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What about the Sandy Hook school killer's computer drive?

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Although he made an effort, destruction of the killer's hard drive may not have truly been complete. For most users, the simple act of cracking the hard drive case is enough to render the drive useless, but forensic recovery can recover data from very adverse situations.

Simply defacing or even shattering a hard drive will not necessarily render the data inaccessible. We have assembled several references that outline how resistant these devices are to damage. It is now well confirmed that sledge hammers, torches, and even magnets applied to unopened cases are insufficient to completely destroy hard drive data.

Recovery can be VERY expensive, but it is also VERY likely if the right technology and technique is applied. Whatever data may remain may prove very valuable to investigators as they attempt to more fully understand this horrendous crime. We wish them every success as this awful situation unfolds further.

 hard drive


To really erase data, you have to remove that chemical coating from the platters, which requires the assailant to take the drive case apart. Even then, most hard drives contain multiple platters, and data is written across them. That means that data destroyed on one platter may be reconstructed by looking at the adjacent data stored on other platters. Asked about drives that have had nails driven through them, Demirjian said that his company – which has worked with the U.S. military and law enforcement on data recovery – can usually get data off of them.


"Within a hard drive, there are several square feet of [read/write] surface, and any given file takes up less than a square millimeter," Kaminsky says. "That means even if the drive is dented or shattered into tiny pieces, the actual surface that contains the data is still there and readable."

Kaminsky compares a shattered hard drive to a piece of paper that is torn apart. If all of the pieces are still there, you can "tape it back together" and make out what was originally written on it. To read a shattered drive, its disk will need to be reassembled, which is a daunting but doable task.



In an interview with the BBC, professor Andrew Blyth of Glamorgan said that "between 35-40 % of the disks held commercially sensitive information." The hard drive data included NHS patient information, intellectual property, and in the case of one machine bought in the U.S., launch codes for a missile system.

Many organisations use outside service providers to handle the process of disposal and hard drive data destruction, but they are not always absolutely reliable, as the BT study discovered. For instance, two of the disks were found to hold data from hospitals in Lanarkshire. According to the Lanarkshire Health Board, the disks should have been properly wiped by an outside service provider for disposal. After reviewing procedures, the hospital now handles the process in-house.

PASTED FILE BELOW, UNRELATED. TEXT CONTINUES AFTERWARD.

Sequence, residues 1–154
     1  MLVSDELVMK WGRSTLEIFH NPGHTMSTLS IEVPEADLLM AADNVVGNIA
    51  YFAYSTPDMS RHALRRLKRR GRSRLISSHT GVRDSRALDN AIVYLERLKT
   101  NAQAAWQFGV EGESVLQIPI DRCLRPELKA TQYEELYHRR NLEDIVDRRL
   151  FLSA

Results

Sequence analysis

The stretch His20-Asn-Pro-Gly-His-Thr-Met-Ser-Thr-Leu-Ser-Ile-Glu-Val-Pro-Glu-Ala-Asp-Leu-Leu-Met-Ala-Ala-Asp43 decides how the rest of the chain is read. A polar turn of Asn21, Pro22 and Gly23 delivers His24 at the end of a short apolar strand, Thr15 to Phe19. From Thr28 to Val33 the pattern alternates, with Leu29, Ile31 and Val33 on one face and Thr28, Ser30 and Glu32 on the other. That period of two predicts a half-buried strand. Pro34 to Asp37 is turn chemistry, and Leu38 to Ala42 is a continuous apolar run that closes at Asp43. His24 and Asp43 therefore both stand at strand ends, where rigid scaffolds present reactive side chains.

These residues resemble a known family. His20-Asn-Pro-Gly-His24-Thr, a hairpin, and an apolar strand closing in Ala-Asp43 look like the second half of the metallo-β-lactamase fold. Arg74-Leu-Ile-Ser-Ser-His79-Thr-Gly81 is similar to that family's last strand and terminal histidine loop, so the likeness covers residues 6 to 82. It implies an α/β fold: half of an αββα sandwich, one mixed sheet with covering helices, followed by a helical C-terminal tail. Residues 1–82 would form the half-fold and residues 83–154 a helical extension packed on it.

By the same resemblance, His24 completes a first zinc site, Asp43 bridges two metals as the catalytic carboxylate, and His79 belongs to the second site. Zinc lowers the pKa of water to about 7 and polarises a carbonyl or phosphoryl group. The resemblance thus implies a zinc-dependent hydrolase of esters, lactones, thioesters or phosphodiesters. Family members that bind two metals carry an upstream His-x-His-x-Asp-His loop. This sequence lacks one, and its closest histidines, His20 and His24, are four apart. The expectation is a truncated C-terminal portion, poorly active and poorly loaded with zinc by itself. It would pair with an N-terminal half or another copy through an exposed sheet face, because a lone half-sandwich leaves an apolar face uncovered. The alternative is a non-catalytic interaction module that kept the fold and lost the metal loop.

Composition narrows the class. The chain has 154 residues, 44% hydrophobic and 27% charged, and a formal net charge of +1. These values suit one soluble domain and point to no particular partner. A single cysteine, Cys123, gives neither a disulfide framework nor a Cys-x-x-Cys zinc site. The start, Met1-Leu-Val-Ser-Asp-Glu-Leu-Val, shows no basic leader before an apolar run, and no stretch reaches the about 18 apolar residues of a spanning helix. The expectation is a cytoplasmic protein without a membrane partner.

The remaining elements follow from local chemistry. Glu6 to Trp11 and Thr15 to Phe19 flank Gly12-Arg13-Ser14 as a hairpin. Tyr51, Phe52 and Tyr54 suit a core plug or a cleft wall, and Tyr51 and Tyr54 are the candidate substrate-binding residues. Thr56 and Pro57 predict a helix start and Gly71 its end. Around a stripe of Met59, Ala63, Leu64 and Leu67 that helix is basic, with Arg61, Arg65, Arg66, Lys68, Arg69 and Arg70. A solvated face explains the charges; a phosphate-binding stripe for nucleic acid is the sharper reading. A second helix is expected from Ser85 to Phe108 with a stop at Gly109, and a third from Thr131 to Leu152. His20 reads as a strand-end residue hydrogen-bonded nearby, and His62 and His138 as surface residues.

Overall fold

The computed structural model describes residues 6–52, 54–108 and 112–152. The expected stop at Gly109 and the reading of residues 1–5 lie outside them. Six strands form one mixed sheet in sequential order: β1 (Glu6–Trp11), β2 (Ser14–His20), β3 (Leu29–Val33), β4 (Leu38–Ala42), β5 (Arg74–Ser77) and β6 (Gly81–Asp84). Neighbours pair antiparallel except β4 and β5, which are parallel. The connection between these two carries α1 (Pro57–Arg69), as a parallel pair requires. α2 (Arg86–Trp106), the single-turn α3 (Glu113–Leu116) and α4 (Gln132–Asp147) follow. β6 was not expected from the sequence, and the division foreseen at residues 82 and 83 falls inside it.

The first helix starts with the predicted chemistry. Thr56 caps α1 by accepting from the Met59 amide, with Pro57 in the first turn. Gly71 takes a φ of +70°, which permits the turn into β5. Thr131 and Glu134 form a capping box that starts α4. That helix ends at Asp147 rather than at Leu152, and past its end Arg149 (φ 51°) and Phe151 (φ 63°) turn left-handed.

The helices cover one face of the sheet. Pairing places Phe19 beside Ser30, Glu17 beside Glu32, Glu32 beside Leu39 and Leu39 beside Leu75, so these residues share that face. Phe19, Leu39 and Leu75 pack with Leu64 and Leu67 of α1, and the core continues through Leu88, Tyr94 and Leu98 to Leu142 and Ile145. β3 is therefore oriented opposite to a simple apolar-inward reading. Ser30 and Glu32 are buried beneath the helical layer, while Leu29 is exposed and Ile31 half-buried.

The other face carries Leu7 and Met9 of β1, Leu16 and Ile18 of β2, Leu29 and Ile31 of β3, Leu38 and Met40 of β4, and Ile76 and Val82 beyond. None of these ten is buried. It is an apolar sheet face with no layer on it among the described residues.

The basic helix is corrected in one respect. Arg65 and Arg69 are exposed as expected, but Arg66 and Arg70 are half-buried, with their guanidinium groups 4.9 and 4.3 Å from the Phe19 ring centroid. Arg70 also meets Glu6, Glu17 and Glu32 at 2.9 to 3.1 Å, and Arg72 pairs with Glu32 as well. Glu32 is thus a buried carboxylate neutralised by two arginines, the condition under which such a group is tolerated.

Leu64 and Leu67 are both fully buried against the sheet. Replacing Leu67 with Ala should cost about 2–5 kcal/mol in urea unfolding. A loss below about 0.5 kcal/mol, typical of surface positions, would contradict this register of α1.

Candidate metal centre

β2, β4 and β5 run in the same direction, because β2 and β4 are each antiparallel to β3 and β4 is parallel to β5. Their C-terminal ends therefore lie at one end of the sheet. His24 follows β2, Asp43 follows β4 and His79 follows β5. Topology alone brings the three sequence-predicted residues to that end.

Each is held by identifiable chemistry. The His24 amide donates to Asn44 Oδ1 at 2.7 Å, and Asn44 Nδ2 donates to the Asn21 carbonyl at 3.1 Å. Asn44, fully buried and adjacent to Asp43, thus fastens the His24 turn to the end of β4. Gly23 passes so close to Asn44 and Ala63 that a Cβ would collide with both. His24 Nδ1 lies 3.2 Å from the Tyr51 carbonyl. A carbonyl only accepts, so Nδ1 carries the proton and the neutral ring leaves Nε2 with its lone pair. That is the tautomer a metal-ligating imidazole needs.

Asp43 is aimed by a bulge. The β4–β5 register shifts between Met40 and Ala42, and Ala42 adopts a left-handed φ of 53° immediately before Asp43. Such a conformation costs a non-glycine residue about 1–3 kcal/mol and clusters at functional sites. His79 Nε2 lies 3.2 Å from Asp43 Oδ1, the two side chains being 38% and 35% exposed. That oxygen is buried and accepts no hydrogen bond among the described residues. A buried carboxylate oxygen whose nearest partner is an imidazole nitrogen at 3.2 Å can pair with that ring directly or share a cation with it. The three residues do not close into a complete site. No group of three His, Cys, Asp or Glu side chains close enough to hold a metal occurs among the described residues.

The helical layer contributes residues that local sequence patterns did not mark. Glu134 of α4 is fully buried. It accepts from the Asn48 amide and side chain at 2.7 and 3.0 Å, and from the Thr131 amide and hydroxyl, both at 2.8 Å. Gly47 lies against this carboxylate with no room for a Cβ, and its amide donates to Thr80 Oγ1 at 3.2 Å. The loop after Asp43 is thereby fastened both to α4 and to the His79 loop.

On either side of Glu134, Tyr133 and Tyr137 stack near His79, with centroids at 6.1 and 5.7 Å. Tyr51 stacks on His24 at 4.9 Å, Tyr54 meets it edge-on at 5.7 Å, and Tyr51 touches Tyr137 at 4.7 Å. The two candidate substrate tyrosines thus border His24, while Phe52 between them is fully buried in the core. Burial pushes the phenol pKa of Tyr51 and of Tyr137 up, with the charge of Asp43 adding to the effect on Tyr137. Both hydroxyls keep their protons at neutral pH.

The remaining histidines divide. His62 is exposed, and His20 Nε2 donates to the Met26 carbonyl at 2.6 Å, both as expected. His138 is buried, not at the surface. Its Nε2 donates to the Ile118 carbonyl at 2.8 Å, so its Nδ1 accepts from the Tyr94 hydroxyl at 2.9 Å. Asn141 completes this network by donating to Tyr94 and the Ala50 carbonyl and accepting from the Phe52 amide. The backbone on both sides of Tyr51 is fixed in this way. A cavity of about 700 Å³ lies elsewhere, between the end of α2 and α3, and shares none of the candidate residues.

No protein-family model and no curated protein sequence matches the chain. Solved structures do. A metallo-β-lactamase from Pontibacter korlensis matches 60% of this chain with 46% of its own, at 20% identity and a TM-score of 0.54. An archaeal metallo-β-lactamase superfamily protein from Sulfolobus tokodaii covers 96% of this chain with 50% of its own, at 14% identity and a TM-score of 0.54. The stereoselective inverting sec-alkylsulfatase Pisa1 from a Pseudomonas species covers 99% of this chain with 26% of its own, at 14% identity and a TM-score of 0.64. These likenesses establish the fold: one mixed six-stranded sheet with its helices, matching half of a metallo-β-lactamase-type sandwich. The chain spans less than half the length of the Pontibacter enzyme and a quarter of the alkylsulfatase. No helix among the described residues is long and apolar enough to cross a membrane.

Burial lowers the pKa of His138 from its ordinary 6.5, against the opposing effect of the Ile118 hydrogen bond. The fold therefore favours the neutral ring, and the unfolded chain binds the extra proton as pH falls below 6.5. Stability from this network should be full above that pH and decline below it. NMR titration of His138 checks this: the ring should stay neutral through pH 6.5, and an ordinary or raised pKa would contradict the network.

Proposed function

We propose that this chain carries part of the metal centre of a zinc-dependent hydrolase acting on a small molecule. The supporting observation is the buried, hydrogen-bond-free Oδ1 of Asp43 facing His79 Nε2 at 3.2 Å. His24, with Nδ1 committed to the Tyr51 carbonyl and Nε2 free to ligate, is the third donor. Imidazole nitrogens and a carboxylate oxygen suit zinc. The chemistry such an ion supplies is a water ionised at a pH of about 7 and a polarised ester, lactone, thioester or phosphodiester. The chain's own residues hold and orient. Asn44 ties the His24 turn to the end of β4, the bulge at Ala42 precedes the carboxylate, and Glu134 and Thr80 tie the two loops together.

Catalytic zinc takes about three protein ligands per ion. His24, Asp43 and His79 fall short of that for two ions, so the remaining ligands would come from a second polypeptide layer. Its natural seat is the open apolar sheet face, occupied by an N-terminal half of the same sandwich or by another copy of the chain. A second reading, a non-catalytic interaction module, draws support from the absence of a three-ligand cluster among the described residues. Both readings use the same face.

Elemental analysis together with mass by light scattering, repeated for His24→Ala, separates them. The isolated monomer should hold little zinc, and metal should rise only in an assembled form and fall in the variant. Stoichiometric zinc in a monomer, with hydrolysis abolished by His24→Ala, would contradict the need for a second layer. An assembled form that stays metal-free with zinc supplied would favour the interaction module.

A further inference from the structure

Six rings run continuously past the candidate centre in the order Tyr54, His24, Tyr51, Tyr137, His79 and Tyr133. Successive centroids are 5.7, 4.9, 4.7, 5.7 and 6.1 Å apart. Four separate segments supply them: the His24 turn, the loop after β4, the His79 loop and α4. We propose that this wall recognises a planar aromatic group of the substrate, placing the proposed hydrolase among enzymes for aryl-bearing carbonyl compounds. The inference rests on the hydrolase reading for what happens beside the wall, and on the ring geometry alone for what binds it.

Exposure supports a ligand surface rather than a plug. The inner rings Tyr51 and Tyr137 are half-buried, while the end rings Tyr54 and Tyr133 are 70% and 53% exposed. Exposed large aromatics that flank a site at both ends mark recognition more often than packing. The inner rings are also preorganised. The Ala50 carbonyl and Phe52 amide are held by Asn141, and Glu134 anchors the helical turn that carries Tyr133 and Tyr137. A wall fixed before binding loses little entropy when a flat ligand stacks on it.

“For the average person, software approaches are completely fine,” Knotts says, but a leak of even a few words of NSA information could be dangerous.

The Guard Dog destroys all the data on a drive, even in parts that computers cannot access, and it can erase any magnetic media – VHS tapes, DAT tapes, ZIP disks and the like – in the same way that it erases hard drives. While CDs are beyond its reach, Knotts says that those can be easily destroyed using a sander-like tool that grinds off the bottom plastic layer and cuts into the underlying aluminum plate.


Don't Erase Or Degauss, These Processes Cannot Be Guaranteed

Degaussing is a process whereby the magnetic media is erased using a reverse magnetic field to scramble the electronic data and make it unreadable. However there is simply no way to guarantee that a particular degaussing machine is powerful enough to destroy all of the data on a hard drive. It is not possible to create a sector-by-sector sector verification of the process. As degaussing destroys other components of the hard drive, it is not possible to view the drive for even a cursory inspection.

Data Wiping is when data is destroyed using data erasure software, and the media is reformatted so it can be used again. However, because software and forensic specialists can recover wiped fragments, there is no way to ensure complete destruction of the information.

Physical Destruction is the best method if you want total peace of mind. The media is sent through a shredding device with very sharp blades. Our secure destruction service will make your data an unreadable pile of debris and eliminates any chance of the information ever being recovered.

Last modified on Thursday, 20 December 2012 19:10

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